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    Melon-shaped celadon vase

    From Korea
    Koryo dynasty (AD 918-1392)

    Similar to one found in King Injong's tomb

    The development of ch'ongja (celadon ware) during the Koryo dynasty is closely related to Son (Zen) Buddhism, which gained tremendous popularity during the late Unified Silla (AD 668-935) and early Koryo dynasty. Son Buddhism placed a strong emphasis on meditation through tea drinking, and it was believed that tea tasted better when drunk from a celadon bowl than from white porcelain.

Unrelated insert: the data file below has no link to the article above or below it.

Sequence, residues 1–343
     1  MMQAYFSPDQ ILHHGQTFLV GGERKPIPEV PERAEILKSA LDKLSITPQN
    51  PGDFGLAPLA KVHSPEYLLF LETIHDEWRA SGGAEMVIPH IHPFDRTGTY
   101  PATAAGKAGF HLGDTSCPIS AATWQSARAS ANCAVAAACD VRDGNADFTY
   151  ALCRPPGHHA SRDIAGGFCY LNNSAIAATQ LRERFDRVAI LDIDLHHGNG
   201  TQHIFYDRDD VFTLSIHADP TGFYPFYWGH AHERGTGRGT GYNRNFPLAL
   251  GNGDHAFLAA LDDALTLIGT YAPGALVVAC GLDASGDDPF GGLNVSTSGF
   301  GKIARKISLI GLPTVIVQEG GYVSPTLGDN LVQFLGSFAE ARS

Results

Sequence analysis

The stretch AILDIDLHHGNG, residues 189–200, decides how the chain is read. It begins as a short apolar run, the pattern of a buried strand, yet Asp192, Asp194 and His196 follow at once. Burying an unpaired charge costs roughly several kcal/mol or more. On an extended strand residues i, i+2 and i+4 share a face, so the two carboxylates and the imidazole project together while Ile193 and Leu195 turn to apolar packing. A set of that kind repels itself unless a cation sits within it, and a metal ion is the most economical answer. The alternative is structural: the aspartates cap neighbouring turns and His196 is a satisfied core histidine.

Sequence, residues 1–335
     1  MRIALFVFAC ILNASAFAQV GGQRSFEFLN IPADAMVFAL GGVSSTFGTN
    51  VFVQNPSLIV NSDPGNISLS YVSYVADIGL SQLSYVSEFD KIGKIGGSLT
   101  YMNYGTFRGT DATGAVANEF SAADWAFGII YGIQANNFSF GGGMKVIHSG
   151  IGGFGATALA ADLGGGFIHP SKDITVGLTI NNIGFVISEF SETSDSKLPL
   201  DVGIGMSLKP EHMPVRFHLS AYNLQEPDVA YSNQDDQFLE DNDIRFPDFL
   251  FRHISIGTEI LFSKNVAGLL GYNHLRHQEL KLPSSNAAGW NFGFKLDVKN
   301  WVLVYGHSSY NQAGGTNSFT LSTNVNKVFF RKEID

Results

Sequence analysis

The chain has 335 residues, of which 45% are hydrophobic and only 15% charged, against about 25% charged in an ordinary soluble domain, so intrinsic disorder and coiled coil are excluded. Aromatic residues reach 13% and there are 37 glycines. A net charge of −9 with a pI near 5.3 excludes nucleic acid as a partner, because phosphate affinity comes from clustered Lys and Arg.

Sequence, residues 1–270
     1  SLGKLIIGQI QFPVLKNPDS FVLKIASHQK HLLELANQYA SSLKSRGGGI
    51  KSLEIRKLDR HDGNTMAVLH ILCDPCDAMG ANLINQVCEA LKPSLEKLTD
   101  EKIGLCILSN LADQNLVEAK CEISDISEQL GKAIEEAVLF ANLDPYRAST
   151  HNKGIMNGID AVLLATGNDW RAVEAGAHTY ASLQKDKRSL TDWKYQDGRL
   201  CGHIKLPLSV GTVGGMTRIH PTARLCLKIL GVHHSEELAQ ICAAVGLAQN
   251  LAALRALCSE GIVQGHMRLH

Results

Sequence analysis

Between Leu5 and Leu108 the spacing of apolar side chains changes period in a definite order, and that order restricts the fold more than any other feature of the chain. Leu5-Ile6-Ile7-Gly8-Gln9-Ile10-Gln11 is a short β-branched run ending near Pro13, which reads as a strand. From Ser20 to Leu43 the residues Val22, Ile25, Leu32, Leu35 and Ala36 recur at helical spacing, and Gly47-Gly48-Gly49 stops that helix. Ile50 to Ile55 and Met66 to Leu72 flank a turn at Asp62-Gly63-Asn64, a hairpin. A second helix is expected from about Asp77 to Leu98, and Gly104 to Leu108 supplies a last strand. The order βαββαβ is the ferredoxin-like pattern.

Celadon ware was also very popular with the royal family and aristocracy. This vase is very similar to a vase excavated in the tomb of King Injong (reigned 1122-46); some of the finest celadon ware was produced during King Injong's reign. They usually have no decoration and are admired for their jade-like colour. The vase is also called 'melon-shaped' because its shape is close to a melon grown in Korea, called cham-wae. Fruit- and vegetable-shaped ceramics appealed to Korean taste.

    J. Portal, Korea - art and archaeology (London, The British Museum Press, 2000)

    J. Portal, 'Korean celadons of the Koryo dynasty' in Pottery in the making (London, The British Museum Press, 1997), pp. 98-103

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    Korean art and archaeology, £9.99

    Korean art and archaeology, £9.99